Rising at an altitude of 2,674 meters above sea level, it’s rich in biological diversity and distinct with its magnificent mossy forest — true to being part of the Mt. Apo National Park.

Davao Today

DAVAO CITY, Philippines — Sitting at the boundaries of Davao City and the provinces of Davao del Sur and Cotabato is the country’s 13th highest peak, the Mt. Talomo.

Rising at an altitude of 2,674 meters above sea level, it’s rich in biological diversity and distinct with its magnificent mossy forest — true to being part of the Mt. Apo National Park.

Specified as a major climb with a Trail Difficulty Level of 7/9, Class 2 to 5, and considered as the second toughest climb in Mindanao next to the White Peak or Mt. Pandadagsaan in Andap village, New Bataan, Compostela Valley province, Mt. Talomo has become an incipient climbing destination in the country.

The village of Mt. Sicao

Hiking for about an hour from the jump off area at Purok 6, Tamayong village in Calinan District, mountaineers can reach the village Mt. Sicao where about 400 Bagobo inhabitants live.


The village was named after the tribe’s ancestors with their reigning tribal chieftains, Datu Jun Sicao and his brother Apo Sicao.  The tribe folks consider the hinterlands of Mt. Talomo as their ancestral domain and their sacred ground where their spiritual and cultural way of life have been founded.

Because Mt. Talomo is a closed trail, the tribal chieftain’s permission prior to the climb is a must.

A registration fee of PHP 100 per mountaineer is collected.  Since the first summit to Mt. Talomo by some Lumad mountaineers way back in 2000, the villages of Mt. Sicao and the adjacent Utan village benefited from the collection fees which they used to build a mini-stage for the community and a basketball court, among others.

An elementary school which is run by the Seventh Day Adventist church is conspicuous.

However, they have no health center.  Datu Jun said medical missions are conducted every last week of the month by some volunteer nurses and doctors from the city.  But he said the services are only limited to children’s feeding program and deworming.

A few of the villagers here still practice the traditional ritual and worship to their god “Manama,” just like Datu Sicao.

This village is the last retreat community for mountaineers before they trek the extensive trails of the forests.

The assault

The assault to the summit would take a nine-hour trek from the village of Mt. Sicao.  Hikers would have to go through the very tough and complicated ascent in a frequently steep track.

One would have to brave through the slippery logs, grip at the roots and branches as he or she sidles the unwelcoming forest trail.

The weather is very unpredictable.  Most of the time, dark clouds and thick fogs dim the whole forest and a regular light drizzle drenches the trail, making it even harder to surpass.

There is an unnamed waterfall which is the only source of good water during a half day’s trek.  Usually, this is where mountaineers take their lunch.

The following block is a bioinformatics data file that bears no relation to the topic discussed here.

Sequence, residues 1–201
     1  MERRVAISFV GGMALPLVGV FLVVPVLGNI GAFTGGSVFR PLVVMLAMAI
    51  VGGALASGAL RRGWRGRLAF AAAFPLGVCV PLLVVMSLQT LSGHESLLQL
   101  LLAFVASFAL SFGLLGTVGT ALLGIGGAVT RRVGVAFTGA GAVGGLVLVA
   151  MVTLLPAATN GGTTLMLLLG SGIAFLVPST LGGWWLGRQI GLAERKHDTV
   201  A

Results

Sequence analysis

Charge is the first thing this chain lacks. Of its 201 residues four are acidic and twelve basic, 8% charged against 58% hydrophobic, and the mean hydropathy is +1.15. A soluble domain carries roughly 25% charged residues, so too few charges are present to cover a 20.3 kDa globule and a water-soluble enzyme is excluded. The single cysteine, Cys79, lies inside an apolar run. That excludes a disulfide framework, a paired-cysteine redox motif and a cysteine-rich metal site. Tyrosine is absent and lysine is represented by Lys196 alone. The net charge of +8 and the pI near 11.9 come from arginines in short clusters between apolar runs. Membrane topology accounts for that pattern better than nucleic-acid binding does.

Amidst the seemingly perpetual onslaught of the biting low temperature due to the rain, fog, and high altitude; and after several hours of physically taxing and disheartening negotiation with the mountain’s retribution, the summit rewards you with beautiful scenery.

If the weather’s good, one would witness the magnificent sunrise while seeing the grand and mighty Mt. Apo from afar.


If the trail going up has not been that welcoming, the trail coming down is not giving you a kind option.  The chase downhill is unforgivable as it literally drags you either to stumble or fall, or worse both.  Hikers’ knees would wobble in surrender to the rapid pull downward, an ironic token for any intrepid hikers who dreamed to conquer an extraordinary mountain like Mt. Talomo.

Beyond mountaineering

A group of freelance and experienced mountaineers founded in September 2012, the We Observe We Obtain Knowledge (Wowok) Mountaineers, adopted a clean-up drive as they campaigned for the mountain’s conservation.

Even the highest ground is not safe from the people’s, especially hikers’, irresponsibility.  This was evident with the portion of the summit depressingly piled up with garbage.


This has been Wowok’s second friendship and clean-up drive as they continued to advocate for the protection and preservation of the mountain’s ecology.

“Steadfast to our advocacy, we are encouraging and teaching mountaineers to practice responsible mountaineering, and on their own right contribute to the preservation of the environment especially the highlands that are also highly prone to abuse,” said Alex Andico, the group’s representative in an interview by

Indeed, a mediocre climb could turn into a meaningful and an exceptional experience.  Beyond Wowok’s cause is their generosity to the villagers of Mt. Sicao where they distributed school supplies to the children through their members’ individual contribution of PHP 50.

With the smiles on the villagers’ faces, especially those children, and the exchanges of mutual appreciation from the mountaineers; the hardships of conquering Mt. Talomo were all worth it.  (Rawi June Amaga-Morandante/

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